The CG animals are only a little difficult to accept, and even then, only initially. When blended with live action, its practically perfect, particularly as on display in the epic final battle sequence. For the most part the FX are great, and surprisingly bright and four color, eschewing the typical rule of using shadow to obscure the seams.  Narnia is a sumptuous land, with bright, beautiful scenery and luxuriant textures, as any storybook land should seem.

Narnia has a reputation as a Christian fantasy series. I guess there is some element of that on display in the character of Aslan, whose arc may be a bit mystifying if you don’t take his origins into account. Yet I wouldn’t say it pushes an agenda. I don’t feel proselytized to watching it. It’s just a pretty straightforward good vs. evil story.

chronicles-of-narnia-the-lion-the-witch-and-the-wardrobe-the-20051019035129270-000What I really love about this movie is it feels like an 80’s throwback. In the 80’s we had fantasy movies like Dragonslayer, Ladyhawke, Legend, and Excalibur, movies that were never embarrassed of what they were. Even Jackson’s much-lauded Lord Of The Rings movies are peppered with anachronistic winks at the audience (that awful, awful Dwarf tossing joke). Narnia has a bunch of kids from our world in a fantasy realm, and they they aren’t cracking wise and giving us Poochie MST3K commentary. They’re in it, and it’s as real as can be. I like that the kids don’t take a rear echelon Pokemon role in any of the action. They’re in the thick of the fight at all times. It makes their ultimate enthronement more deserved, more satisfying, and their sudden departure back to their own lives (as if they’d never left) more poignant.

Best Dialogue/Line:

The one that gets me is right before the final battle.

Peter has been thrust into the role of commander of this vast army, and he sits atop a unicorn in shining armor with a magic sword, possibly every boy’s dream, and certainly mine. But he has this moment where he looks to his centaur second in command (played wonderfully by Patrick Kake) and asks, as a kid in a bit over his head might;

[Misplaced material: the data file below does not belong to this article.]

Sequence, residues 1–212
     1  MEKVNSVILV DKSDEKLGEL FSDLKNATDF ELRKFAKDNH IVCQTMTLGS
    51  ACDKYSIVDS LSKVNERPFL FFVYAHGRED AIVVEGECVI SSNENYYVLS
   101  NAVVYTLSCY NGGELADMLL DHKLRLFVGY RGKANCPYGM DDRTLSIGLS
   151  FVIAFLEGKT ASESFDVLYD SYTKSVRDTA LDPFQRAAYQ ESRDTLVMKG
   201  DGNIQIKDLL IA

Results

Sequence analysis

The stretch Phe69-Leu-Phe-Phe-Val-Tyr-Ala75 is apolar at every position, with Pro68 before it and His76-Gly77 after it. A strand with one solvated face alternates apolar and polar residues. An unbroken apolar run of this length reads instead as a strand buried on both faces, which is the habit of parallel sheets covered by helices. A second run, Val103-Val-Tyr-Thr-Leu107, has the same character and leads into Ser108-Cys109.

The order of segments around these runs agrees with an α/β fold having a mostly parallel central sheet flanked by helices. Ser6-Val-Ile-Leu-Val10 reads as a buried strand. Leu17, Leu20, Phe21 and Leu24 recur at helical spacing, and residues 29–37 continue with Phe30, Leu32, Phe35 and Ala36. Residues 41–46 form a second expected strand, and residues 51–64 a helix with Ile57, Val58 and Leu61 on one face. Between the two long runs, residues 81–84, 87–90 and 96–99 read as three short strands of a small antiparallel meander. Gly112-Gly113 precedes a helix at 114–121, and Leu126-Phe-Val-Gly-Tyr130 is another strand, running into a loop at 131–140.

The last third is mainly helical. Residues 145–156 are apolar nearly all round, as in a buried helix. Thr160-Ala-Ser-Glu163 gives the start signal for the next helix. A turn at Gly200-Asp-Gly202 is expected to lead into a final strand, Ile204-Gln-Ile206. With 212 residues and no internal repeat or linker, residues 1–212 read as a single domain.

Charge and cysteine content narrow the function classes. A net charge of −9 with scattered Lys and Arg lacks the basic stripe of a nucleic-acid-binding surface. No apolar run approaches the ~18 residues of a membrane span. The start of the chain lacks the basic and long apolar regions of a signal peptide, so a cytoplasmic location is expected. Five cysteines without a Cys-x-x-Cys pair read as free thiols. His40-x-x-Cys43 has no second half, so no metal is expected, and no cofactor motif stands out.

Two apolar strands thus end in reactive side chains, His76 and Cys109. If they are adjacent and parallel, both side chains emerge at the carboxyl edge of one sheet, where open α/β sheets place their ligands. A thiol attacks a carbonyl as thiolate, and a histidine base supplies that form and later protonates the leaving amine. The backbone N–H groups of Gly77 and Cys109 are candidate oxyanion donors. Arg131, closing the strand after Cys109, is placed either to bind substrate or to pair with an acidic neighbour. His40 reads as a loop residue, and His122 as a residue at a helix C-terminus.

“Are you with me?”

And the centaur has this great look on his face, a sort of bewilderment at the question. Aslan, for all intents and purposes his god, has chosen this kid to lead them, so there’s not a doubt in his mind. He sort of shakes his head and furrows his brow in an ‘of course’ manner.

“To the death,” he says.

Best Scene:

maxresdefaultWell I keep talking up that final battle, don’t I? It’s every storybook fantasy battle you’ve ever dreamed of, with the ‘bad’ critters on one side (Minotaurs, werewolves, goat-men, bumbling giants, etc) and the ‘goodies’ on the other. There’s a fantastic shot where Peter in his shining armor, gallops on a freakin’ unicorn at the vanguard of this contingent of centaur cavalry. The centaurs lower their lances and a group of racing cheetahs pull ahead of the army, while on the opposite side, a group of white tigers rush to meet them. There’s a pullback to the whole battlefield and the music (which I must mention is really cool during this sequence, very 80’s Vangelis sound) cuts out to a pre-clash heartbeat. Then these great cats just bash into each other ahead of their respective hoses, and go tumbling. It’s not a bloody battle, but the violence is there, and dramatic. Jadis petrifies enemy combatants, even turning a diving hippogriff to stone in passing so that it crashes into the ground in fragments.

Would I Buy It Again? Yes. And this reminds me to revisit the others.

Next In The Queue:

Cimarron

Thorne & Cross